The editor of the text, Dr Nader El-Bizri, a Research Associate and Coordinator of the project at the IIS, presented the key ideas discussed in this introductory volume by leading philosophers, historians and scholars of Islamic studies. Many of these contributors are also editors and translators of the first Arabic critical editions and complete English translations of the Rasa'il Ikhwan al-Safa’, which is planned to be published as a 16-volume series entitled The Epistles of the Brethren of Purity.
The Ikhwan al-Safa’ or Brethren of Purity were a group of Muslim thinkers based in Basra, Iraq, who, in the 10th century, thought seriously about the key issues of the time in a political and historical context. Consequently, they produced an encyclopaedic work of 52 epistles which treated themes in mathematics, logic, natural philosophy, psychology, metaphysics and theology, in addition to moral and didactic fables. Though the identity of the Ikhwan al-Safa’ remains a mystery, it is apparent that their agenda was primarily intellectual. Their contributions to science and philosophy were immense for their time.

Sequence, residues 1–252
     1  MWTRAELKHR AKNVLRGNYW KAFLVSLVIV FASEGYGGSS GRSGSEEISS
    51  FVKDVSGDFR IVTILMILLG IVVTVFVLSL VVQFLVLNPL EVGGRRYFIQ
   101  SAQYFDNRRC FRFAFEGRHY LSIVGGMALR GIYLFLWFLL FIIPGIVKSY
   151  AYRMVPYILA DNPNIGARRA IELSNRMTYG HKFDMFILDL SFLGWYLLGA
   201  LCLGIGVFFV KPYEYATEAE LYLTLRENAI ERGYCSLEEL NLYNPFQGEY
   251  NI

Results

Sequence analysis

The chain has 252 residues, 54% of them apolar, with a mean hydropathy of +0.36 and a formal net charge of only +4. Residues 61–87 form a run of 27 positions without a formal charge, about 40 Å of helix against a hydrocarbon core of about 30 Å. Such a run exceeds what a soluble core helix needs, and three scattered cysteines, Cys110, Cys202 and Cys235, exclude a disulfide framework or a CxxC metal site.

In Mombasa, Dr El-Bizri was joined by Professor Azim Nanji, Senior Associate Director of the Abbasi Programme in Islamic Studies at Stanford University and former Director of the IIS. Professor Nanji highlighted that one of the key goals of the IIS is to conduct research at the highest academic level and that projects such as this enable a greater demographic to access the works of the Ikhwan al-Safa’ as well as other Muslim thinkers of past civilisations. Both scholars discussed the rationale behind the groundbreaking project of translating and publishing the 52 epistles or Rasa’il of the Ikhwan al-Safa’.
The next volume in the Epistles of the Brethren of Purity series, Epistle 22: The Case of the Animals versus Man, is due for publication by The Institute of Ismaili Studies, in association with Oxford University Press, in 2010.